Guest post by Robin Carmody
One of the most important aspects of the Yewtree reckoning is this:- during the 2000s decade, a whole style of humour which peaked during the 1970s and had been deprecated as sexist was rehabilitated and sold to a new generation by a questionable set of “refreshingly politically incorrect” (their words, not mine) comedians and comedy writers/performers. A certain set of people could barely control their relief and joy at it. Yewtree denialists on anorak forums almost always revered Lucas & Walliams, Jimmy Carr et al for “bringing back proper comedy and pissing off those Leftie do-gooders”.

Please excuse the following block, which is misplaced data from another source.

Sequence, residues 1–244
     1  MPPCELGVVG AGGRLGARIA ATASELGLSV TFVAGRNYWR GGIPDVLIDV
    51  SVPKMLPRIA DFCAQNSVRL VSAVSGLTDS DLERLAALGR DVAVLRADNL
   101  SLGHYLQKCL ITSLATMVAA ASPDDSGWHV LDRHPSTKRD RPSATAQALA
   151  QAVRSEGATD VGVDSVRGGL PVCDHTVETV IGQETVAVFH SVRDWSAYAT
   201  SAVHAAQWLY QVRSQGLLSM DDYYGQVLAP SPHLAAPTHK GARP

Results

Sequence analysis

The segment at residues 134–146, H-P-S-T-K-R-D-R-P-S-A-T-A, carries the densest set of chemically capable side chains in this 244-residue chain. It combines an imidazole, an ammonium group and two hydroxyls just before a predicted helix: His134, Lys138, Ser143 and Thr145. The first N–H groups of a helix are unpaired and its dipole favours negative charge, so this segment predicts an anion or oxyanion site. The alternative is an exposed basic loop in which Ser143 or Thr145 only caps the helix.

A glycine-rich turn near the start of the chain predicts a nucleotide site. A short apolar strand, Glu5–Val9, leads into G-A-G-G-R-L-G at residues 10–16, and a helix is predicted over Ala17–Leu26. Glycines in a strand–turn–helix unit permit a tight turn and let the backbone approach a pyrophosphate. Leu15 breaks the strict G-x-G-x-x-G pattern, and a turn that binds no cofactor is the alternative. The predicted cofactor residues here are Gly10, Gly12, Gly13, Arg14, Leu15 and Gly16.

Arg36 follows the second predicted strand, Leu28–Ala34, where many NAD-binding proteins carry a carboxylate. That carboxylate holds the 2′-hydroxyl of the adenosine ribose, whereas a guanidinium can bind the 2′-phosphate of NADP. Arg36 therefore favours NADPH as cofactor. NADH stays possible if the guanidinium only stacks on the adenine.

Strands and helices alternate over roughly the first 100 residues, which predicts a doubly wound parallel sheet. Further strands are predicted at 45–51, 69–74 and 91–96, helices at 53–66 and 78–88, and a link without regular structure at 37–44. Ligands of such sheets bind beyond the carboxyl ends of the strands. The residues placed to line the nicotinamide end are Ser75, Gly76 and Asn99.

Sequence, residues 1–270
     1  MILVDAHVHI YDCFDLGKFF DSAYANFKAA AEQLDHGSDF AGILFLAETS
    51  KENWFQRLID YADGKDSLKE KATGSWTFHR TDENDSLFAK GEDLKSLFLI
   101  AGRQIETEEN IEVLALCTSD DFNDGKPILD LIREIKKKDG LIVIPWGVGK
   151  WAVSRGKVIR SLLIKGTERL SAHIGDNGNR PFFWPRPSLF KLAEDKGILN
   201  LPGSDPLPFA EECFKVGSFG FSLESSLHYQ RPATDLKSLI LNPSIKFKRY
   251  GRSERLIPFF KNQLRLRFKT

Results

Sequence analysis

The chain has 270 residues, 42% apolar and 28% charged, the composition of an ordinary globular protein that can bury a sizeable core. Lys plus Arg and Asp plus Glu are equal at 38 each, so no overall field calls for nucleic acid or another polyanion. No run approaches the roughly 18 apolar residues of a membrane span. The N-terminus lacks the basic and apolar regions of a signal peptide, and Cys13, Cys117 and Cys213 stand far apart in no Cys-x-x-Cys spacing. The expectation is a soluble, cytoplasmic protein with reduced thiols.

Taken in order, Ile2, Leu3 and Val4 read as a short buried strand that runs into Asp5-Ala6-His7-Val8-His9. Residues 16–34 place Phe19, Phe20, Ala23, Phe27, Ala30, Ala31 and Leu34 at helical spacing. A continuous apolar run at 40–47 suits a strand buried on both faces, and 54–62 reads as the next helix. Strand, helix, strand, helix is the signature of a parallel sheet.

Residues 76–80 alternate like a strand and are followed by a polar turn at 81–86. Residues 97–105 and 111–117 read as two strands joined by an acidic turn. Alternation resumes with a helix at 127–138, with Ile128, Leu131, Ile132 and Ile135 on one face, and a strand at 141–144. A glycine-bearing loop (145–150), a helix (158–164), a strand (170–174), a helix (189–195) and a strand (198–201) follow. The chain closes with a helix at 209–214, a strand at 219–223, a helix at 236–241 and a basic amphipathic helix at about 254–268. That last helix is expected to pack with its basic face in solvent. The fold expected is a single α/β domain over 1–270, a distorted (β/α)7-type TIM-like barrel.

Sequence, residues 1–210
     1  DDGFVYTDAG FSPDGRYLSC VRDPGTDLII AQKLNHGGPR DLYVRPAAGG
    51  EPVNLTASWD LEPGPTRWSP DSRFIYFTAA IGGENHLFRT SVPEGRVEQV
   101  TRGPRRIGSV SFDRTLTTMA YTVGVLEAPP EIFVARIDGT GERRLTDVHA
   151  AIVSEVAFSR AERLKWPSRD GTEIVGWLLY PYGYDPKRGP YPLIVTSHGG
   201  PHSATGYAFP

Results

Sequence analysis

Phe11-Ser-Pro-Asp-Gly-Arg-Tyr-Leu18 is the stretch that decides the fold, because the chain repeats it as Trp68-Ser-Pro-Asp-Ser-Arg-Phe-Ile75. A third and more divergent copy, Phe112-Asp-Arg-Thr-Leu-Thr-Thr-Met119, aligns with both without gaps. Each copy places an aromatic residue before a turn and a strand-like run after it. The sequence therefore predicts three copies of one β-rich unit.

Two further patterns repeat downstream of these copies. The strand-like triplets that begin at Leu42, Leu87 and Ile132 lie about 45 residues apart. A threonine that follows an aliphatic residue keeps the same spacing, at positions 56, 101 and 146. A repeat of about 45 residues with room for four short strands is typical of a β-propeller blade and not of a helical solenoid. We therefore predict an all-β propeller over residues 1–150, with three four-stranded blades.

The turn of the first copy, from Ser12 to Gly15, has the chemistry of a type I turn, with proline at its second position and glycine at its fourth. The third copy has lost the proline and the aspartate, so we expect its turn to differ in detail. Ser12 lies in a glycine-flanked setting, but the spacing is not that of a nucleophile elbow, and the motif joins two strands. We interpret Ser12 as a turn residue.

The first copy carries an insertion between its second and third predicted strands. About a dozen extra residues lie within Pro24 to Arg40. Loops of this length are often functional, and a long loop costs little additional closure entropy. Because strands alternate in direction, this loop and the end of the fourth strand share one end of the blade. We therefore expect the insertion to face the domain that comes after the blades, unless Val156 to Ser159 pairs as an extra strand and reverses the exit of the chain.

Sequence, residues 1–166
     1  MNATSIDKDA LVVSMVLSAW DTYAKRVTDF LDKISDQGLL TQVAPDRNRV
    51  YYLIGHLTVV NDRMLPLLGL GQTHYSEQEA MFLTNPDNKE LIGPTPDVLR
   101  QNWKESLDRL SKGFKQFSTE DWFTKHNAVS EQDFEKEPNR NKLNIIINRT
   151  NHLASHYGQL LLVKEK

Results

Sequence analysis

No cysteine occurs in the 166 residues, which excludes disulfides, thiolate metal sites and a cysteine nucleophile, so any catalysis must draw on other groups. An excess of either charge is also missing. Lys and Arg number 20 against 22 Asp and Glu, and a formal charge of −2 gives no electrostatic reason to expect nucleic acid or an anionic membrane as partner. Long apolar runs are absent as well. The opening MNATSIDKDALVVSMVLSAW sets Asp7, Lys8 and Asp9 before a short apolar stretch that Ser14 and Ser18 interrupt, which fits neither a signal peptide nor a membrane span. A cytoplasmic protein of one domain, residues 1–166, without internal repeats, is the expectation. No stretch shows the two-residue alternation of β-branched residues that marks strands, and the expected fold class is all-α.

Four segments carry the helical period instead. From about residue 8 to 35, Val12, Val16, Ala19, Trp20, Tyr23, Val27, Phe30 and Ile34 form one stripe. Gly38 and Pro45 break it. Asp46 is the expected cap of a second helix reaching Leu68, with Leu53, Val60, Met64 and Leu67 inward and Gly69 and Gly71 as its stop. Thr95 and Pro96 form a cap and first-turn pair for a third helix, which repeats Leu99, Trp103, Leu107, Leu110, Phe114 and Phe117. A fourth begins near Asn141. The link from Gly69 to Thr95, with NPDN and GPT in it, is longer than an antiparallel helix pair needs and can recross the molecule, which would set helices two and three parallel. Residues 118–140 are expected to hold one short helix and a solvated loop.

It is the main reason for the recent upsurge of blatant, casual, unthinking sexism in universities and colleges. For most of its audience, its supposed inverted commas no more existed than they would have done for most of the Benny Hill or ‘On the Buses’ audience the first time round. But even beyond that, Yewtree must surely mark the end of it, because it makes the original 1970s stuff seem nastier and creepier than ever and thoroughly justifies everything that was felt about it on the broad Left of British humour during the 1980s. It’s as if several key figures of 1960s/70s rock music had been found out just after Britpop, only a lot worse.